How Boards Kill Great Ideas

The following is an excerpt from Jerold Panas's book, The Fundraising Habits of Supremely Successful Boards.

With some organizations, if you want to kill an idea get the board to discuss it. They don’t know what they want – and won’t be happy until they get it.

I've been a consultant to philanthropy for 40 years. In that time, I’ve attended hundreds and hundreds of board meetings — perhaps a thousand (surely a sufficient number to earn me a place in heaven on the right hand of the saints and martyrs!).

Time and time again, I’ve heard the same seven deadly statements that can kill an idea…

"We’ve never done it that way before."

A board that protects its time-vested interests and its precious heritage blocks the route to change.  It is strangled by the status quo.

Take a chance. Seize the opportunity. Some decisions require audacious action. It is impossible to be both consistently bold and infallible.

"It can’t be done."

In these times of explosive change and extraordinary complexity, to say impossible always puts you on the losing side. An organization harboring the attitude, “it can’t be done,” has signed-off on a self-fulfilling promise of failure.

If you believe it can be done— it can. This must be the hymn you sing.       

"It’ll cost too much."

Not having funds is a temporary problem … surrounded by creative solutions. To say you have insufficient funds for objectives of consequence bespeaks lowly aspirations.

You hold in trust the mission of your organization and the responsibility for its funding. That is a commitment to be faithfully sustained with unrelenting resolve and intrepid dedication.

Resources must not determine decisions. Your decisions determine resources.

"We’ve been doing all right without it."

It was Will Rogers who said: “Even if you're on the right track, you'll get run over if you just sit there.”

Those satisfied with today’s progress and pace will eventually fall behind. They're in serious trouble and already more difficult to move than a church graveyard.

"We’ve tried it that way, and it didn’t work."

As a trustee, always consider “what might be” rather than “what is” or what happened in the past. Even the thorniest problem can be an inspiring opportunity when pursued with a belief in the possible. Or as Clement Stone, the father of positive thinking, colorfully put it: “You’ve got a problem. Great!”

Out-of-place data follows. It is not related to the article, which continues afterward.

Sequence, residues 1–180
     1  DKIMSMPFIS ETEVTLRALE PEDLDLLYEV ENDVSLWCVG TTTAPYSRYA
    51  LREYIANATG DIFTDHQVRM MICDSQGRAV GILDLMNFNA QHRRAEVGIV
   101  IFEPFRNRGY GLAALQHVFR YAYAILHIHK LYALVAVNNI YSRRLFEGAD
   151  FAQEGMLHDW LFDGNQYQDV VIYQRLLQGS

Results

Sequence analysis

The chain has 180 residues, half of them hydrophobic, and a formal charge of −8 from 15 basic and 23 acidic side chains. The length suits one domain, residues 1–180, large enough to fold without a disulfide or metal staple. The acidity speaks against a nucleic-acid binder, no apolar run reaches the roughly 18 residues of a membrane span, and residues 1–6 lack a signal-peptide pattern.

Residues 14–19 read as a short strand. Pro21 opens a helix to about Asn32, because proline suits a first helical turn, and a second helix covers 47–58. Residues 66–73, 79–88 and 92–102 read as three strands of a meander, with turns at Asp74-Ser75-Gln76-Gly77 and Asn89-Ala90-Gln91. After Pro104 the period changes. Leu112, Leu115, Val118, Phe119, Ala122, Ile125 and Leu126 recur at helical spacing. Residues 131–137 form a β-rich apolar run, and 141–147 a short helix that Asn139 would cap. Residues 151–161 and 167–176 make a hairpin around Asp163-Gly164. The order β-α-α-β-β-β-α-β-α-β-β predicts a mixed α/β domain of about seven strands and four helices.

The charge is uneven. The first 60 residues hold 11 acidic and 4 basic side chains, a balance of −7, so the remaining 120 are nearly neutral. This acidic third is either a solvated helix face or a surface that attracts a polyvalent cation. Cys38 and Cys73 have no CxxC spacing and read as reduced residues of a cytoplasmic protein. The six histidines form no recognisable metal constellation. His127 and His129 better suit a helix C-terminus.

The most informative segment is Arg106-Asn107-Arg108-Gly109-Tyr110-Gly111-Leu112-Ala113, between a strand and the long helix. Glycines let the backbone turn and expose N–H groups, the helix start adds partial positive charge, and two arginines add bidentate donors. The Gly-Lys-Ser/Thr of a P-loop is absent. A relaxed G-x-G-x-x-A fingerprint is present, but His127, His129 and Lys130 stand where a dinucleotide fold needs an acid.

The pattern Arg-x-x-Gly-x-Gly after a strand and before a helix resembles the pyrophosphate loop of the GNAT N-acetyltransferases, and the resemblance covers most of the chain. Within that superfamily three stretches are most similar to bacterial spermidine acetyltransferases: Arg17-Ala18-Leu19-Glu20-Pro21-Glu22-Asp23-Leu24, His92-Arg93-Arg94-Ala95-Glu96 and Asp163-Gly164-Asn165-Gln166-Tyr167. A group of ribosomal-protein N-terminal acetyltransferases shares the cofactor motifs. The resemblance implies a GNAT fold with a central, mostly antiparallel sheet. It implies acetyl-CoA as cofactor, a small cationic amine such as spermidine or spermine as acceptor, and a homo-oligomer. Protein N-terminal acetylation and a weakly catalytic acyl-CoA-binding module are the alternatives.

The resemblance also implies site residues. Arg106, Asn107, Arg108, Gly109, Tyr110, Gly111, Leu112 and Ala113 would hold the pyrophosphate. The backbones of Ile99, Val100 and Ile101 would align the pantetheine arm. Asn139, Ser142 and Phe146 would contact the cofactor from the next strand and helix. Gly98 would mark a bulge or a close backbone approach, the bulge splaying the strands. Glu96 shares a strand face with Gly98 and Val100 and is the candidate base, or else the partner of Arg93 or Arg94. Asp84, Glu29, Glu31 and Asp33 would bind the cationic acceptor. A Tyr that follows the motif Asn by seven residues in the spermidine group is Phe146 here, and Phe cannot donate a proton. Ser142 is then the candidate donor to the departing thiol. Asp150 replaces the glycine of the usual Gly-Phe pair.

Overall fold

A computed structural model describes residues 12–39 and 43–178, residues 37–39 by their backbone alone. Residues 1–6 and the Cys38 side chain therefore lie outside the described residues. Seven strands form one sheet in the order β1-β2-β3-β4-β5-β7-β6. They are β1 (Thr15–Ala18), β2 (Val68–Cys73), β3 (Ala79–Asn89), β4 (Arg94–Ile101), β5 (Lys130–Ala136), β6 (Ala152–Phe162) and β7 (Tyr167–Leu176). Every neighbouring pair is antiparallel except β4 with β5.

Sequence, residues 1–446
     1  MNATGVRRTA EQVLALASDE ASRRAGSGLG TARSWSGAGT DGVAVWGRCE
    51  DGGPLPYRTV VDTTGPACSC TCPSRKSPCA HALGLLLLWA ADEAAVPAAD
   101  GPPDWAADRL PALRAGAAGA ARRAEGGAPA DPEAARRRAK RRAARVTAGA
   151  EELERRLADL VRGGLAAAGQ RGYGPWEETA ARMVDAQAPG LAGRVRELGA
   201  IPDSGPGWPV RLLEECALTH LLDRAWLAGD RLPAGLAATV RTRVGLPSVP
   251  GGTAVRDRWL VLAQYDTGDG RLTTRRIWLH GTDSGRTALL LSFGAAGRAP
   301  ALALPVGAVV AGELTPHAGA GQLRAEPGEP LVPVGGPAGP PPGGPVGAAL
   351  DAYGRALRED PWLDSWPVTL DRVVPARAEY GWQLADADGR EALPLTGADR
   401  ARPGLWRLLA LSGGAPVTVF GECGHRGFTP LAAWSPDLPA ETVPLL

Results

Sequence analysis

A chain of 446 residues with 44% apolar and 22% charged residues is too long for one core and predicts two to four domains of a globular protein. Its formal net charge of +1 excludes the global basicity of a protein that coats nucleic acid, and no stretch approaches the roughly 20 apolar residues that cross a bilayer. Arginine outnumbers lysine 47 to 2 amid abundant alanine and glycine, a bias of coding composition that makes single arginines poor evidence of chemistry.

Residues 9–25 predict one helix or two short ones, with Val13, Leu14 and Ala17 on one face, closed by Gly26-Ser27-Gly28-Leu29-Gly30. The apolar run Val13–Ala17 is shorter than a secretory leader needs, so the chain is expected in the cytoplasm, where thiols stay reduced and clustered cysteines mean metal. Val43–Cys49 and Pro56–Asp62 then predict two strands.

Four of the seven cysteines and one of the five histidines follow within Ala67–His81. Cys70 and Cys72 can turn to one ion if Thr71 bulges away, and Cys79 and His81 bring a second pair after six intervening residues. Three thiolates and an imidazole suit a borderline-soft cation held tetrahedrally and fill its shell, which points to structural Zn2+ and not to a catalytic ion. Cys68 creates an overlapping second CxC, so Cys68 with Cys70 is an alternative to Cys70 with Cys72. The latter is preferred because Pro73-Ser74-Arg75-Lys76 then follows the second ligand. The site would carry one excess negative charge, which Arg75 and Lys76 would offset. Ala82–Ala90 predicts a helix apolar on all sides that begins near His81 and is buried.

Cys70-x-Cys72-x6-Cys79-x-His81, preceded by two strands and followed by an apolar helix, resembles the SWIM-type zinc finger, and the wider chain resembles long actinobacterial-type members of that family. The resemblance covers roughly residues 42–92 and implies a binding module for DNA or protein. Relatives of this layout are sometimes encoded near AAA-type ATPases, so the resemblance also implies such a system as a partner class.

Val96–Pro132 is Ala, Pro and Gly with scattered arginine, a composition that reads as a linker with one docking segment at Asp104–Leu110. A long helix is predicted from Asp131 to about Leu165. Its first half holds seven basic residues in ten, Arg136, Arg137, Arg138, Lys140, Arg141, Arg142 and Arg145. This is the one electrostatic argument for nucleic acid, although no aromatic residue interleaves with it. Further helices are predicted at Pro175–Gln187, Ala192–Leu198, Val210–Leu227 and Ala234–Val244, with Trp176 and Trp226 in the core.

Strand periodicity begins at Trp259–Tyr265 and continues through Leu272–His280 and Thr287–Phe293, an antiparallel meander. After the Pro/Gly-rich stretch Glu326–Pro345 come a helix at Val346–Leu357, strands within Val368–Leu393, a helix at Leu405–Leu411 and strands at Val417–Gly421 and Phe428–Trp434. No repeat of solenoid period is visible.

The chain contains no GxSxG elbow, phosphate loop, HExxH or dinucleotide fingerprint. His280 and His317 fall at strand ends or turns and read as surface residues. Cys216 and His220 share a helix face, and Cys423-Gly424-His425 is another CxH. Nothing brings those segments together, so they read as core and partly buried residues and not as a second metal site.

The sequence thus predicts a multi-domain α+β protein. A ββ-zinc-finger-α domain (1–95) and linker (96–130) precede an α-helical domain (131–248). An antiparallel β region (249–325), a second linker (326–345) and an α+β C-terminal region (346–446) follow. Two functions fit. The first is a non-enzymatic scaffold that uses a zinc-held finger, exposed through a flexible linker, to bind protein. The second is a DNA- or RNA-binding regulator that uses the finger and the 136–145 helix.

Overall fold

"We’re not ready now."

If not now — when?

TNT must be your creed — Today Not Tomorrow. Move forward and make your decision with a symphony of hard work, persistence, and unwavering commitment. 

"Let’s put it off for now and discuss it later."

Indecision is contagious. It casts an unhealthy pall over each member of the board.

Ross Perot contends that too often an organization says:  “ready, aim, aim, aim, aim.” Perot recommends instead the concept: “Ready, fire, aim.”

The theory is valid.  Most often, it is far better to take action even though all the factors may be unknown, than to take no action at all.

The other day, while waiting in the doctor’s office, I came across an article in an old issue of National Geographic.

You’ll laugh when I tell you the subject – barnacles. But one fascinating paragraph stayed with me.

“The barnacle,” this article said, “is confronted early on with a decision about where it is going to live. Once it decides that, it spends the rest of its life with its head permanently cemented to a rock.”

For some boards, it does come to that!

Thankfully you know better.

About the Author

The late Jerold Panas was among a small handful of the grandmasters of American fundraisers. He was considered one of the top writers in the field and a number of his books have achieved classic status. Hailed by Newsweek as "the Robert Schuller of fundraising," Jerry was a favorite speaker at conferences and workshops throughout the nation. He served as executive director of one of the premier firms in America and was the co-founder of the Institute for Charitable Giving. The very term "philanthropy" would mean less without Jerry's influence.